- The examined life is a life in which you’re constantly questioning yourself. You’re subjecting yourself to self-criticism. Intellectual humility is a central virtue because in order to carry out the enterprise of self-criticism, you have to actually deal with the possibility that you might be wrong, and that’s hard, especially if changing your view would result in your being stigmatized, ostracized, isolated on your campus or in your community, whether your community is right, left, center, Protestant, Catholic, Jewish, Muslim — whatever your community is. Seeking the examined life can be a very dangerous thing if what you’re after in life is satisfaction and feeling good. It’s a probe. It’s a prod. It’s a disruptor.
- People don’t feel as though anything matters, that they’re looking to feel good, something that will make them feel good. People want to at least feel like they matter, something matters. And when they can’t find that, when they’re in the condition of nihilism, you will turn to something else. Now, drugs are just the kind of gross, obvious example for people who are very poor, who don’t have an alternative, although it also affects people who are very rich. But for a lot of people who are very rich, they can find that. They can look for that in a less obviously physically dangerous way. And it can, in its pathological forms, take the form of not just power but domination; not just influence, but narcissism — can take these kinds of forms. And there’s an awful lot of that about.
- So the call for the restoration of liberal arts ideals is necessarily a call for a sort of spiritual reawakening, a revival, which is at the same time a condition for anybody’s truly appreciating that it’s worth working hard for things, that there are things that are worth having that go beyond how they make you feel, things that are worth having even though — you know, the drug rush is not going to be the reward but, nevertheless, whose value we can perceive and appreciate and struggle for and dedicate ourselves to.
- So this is not an argument that you have to have a college education or a liberal arts education to be a good person. It’s just that the value of a liberal arts education consists at least in part in its capacity to contribute to our spiritual and moral fulfillment, our spiritual and moral well-being, and there will be a certain number of people for whom, absent that provision, the path is going to be the wrong one. It will be down the path toward seeking wealth and power and status and prestige and influence because there will be a certain number of people who will confront Shakespeare or confront Plato and suddenly realize, “I’m on the wrong path. I’m going the wrong direction. I need to reevaluate my life. I need to assess what really matters. I need to rethink what I’m going, what I’m going to dedicate these next 60 years or 70 years to doing.”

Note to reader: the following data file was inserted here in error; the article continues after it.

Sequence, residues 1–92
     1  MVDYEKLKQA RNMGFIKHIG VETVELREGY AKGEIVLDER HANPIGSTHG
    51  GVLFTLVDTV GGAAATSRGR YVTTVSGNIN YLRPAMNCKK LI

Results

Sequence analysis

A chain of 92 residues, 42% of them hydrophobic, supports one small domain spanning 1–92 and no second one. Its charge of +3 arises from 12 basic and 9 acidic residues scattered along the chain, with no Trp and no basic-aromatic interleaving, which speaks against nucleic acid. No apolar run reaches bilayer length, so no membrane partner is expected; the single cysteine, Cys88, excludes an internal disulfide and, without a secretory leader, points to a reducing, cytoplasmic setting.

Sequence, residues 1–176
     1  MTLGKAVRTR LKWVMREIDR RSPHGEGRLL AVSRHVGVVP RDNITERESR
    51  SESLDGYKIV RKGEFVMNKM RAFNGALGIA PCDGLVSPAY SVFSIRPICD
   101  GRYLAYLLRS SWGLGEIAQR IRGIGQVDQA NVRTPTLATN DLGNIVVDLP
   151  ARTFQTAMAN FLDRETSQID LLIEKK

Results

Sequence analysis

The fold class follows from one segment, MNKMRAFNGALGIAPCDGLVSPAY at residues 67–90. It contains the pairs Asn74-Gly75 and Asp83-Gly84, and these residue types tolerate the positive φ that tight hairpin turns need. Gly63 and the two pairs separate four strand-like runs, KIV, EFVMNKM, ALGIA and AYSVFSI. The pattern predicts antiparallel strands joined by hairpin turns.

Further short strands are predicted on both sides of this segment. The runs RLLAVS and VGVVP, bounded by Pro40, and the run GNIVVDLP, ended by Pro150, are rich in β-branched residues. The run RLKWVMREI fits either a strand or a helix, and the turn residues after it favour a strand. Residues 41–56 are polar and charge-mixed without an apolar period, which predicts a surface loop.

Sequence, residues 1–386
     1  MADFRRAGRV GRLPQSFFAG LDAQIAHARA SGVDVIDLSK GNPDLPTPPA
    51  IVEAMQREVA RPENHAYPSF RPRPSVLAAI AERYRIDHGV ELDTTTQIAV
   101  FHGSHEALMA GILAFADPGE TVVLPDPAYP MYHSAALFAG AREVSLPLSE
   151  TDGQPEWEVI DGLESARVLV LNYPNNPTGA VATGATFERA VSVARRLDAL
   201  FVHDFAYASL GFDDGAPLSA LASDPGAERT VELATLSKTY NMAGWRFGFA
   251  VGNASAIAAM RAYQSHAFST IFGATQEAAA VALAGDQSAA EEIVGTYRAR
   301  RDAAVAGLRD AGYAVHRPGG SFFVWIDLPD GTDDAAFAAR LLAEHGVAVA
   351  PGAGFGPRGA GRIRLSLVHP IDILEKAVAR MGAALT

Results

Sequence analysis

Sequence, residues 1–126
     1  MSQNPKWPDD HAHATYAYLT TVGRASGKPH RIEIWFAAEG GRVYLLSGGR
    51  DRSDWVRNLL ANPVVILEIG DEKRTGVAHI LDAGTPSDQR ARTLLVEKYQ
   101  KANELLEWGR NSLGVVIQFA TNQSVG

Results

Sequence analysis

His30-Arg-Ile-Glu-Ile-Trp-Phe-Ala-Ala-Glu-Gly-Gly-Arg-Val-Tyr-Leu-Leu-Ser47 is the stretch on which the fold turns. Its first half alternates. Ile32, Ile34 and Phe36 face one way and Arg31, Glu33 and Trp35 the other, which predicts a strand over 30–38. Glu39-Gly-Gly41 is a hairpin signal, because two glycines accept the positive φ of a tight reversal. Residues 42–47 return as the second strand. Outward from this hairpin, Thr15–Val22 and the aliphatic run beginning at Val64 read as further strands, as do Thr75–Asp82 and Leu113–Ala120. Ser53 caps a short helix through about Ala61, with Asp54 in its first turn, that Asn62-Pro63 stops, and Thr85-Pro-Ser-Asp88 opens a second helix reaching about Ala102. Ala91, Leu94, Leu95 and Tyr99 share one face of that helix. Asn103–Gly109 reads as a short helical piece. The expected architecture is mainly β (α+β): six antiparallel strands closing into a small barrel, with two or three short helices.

- My brother David Brooks talks about this in terms of the shift in his own life from being obsessed with his resume as opposed to becoming obsessed with his eulogy said at his funeral. That’s a very different set of stories and narratives and analysis of what’s said at your funeral as opposed to just what’s on your resume. I think what’s said at your funeral is very much about integrity and honesty, decency, love, sacrifice, self-surrender, service, and what have you.
- On Liberty” — there Mill makes the point that we should value dissent even when we are confident that the dissenter’s wrong because that dissent will enable us by way of defending the truth to deepen our understand and appreciation of it.
- We human beings wrap our emotions around our convictions, which is not a bad thing in itself, but it can become an impediment to having an open mind. So, you know, I’ve got a lot of stuff against Nietzsche, and yet I read him and I assign him not only because I know that trying to respond to his criticisms will deepening my understating of what I believe to be true, but also because I know that there is a chance — maybe an outside chance, but a chance — that he’s right and I’m wrong.
- … a true liberal arts education with that openness of mind, with that intellectual humility, that willing to recognize that one might be wrong, that willingness to engage the greatest that’s been thought and said by the greatest minds, the greatest people, it’s like getting on a train not knowing where you’re going to get off and maybe even not recognizing who you are anymore when you get off that train.
I had read about Professors Robert George and Cornel West last year in a Bloomberg article. Their collaboration, despite different ideological viewpoints, was refreshing to read. They reminded me of Professor Daniel Kahneman who had done that too, in practice. This is the original Bloomberg article and this is my cover story for Swarajya for December 2015 (‘Who is a Liberal?’) in which I had mentioned them and Professor Daniel Kahneman.